It is false in itself to state that there is medical consensus on the safety of vaccines. The sheer number of opposing organisations worldwide, in which medical personnel participate, is evidence enough that ‘consensus’ is a myth. Add to that the billions of dollars paid out in injury payments and it is clear that if there is only one truth within the vaccine debate, it is that there is no real consensus about their inherent safety for all of the population.
Whilst every point we make above is, we will readily acknowledge, open to critique and reasonable challenge, the thing we take most issue with concerning the article is how the paper colluded to silence the voice of speakers on the grounds of simple disagreement, and used needlessly inflammatory language to get its case across. Of all the professions in the world, when journalism is used to silence opposing opinions we are in real trouble. We look to independent journalism to help light the way through confusion, not to sow it, and society respects and looks up to professional editorial standards as a bulwark against nonsense and trivia.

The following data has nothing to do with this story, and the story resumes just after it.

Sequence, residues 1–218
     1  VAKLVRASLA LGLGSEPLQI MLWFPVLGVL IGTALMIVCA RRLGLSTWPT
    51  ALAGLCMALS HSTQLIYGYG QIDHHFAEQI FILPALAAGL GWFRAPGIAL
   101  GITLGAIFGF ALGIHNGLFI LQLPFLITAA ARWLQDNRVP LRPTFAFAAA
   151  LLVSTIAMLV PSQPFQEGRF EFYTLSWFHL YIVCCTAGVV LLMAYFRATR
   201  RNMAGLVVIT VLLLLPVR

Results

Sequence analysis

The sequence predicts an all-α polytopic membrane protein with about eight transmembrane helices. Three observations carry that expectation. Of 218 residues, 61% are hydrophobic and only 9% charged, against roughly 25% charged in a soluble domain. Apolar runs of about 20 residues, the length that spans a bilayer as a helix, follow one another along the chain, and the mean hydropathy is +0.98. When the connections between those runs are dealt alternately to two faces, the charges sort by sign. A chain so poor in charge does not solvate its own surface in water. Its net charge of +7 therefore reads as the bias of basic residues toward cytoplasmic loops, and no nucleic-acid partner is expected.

The responsibility rests with you the Editor, and whilst accepting that honest mistakes can be made, rectifying them once they become known takes good moral character. We would like to think a good paper with the standing of The Examiner would not allow itself to be influenced by irrational non-argument dressed up as righteous anger!
This misinformed and biased article attempted (unsuccessfully) to undermine our public information event, making us question the agenda of the said journalist.
We are not asking for a retraction of this hastily released article. We are however looking for a balanced article to be printed about the conference itself in a true professional manner and we are more than happy to provide any information!
Brendan, Anne, Deirdre, Maya
Wise Traditions Ireland conference organisers
Irish Examiner article by Joe Leogue, Saturday 25th March 2017
Clarification from the Irish Examiner – the following correction was printed on Saturday 27th May 2017.